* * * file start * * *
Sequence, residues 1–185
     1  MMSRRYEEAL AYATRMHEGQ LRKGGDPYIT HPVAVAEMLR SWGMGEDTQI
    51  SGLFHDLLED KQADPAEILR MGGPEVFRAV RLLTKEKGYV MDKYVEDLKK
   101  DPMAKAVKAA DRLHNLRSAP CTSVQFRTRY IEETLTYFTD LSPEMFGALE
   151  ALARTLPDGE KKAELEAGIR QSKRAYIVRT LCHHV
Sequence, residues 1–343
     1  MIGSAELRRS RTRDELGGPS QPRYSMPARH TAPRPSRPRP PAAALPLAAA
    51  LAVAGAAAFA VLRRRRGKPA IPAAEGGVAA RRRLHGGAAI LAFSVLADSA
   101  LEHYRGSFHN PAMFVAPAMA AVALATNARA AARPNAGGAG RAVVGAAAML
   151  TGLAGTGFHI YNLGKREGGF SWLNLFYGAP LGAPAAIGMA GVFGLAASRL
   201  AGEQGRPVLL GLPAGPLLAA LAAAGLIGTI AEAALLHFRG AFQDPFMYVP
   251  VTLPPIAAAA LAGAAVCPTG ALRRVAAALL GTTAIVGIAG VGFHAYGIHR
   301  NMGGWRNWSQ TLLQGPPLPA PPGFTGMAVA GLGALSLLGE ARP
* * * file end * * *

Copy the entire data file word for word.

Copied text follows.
Sequence, residues 1–185
     1  MMSRRYEEAL AYATRMHEGQ LRKGGDPYIT HPVAVAEMLR SWGMGEDTQI
    51  SGLFHDLLED KQADPAEILR MGGPEVFRAV RLLTKEKGYV MDKYVEDLKK
   101  DPMAKAVKAA DRLHNLRSAP CTSVQFRTRY IEETLTYFTD LSPEMFGALE
   151  ALARTLPDGE KKAELEAGIR QSKRAYIVRT LCHHV
Sequence, residues 1–343
     1  MIGSAELRRS RTRDELGGPS QPRYSMPARH TAPRPSRPRP PAAALPLAAA
    51  LAVAGAAAFA VLRRRRGKPA IPAAEGGVAA RRRLHGGAAI LAFSVLADSA
   101  LEHYRGSFHN PAMFVAPAMA AVALATNARA AARPNAGGAG RAVVGAAAML
   151  TGLAGTGFHI YNLGKREGGF SWLNLFYGAP LGAPAAIGMA GVFGLAASRL
   201  AGEQGRPVLL GLPAGPLLAA LAAAGLIGTI AEAALLHFRG AFQDPFMYVP
   251  VTLPPIAAAA LAGAAVCPTG ALRRVAAALL GTTAIVGIAG VGFHAYGIHR
   301  NMGGWRNWSQ TLLQGPPLPA PPGFTGMAVA GLGALSLLGE ARP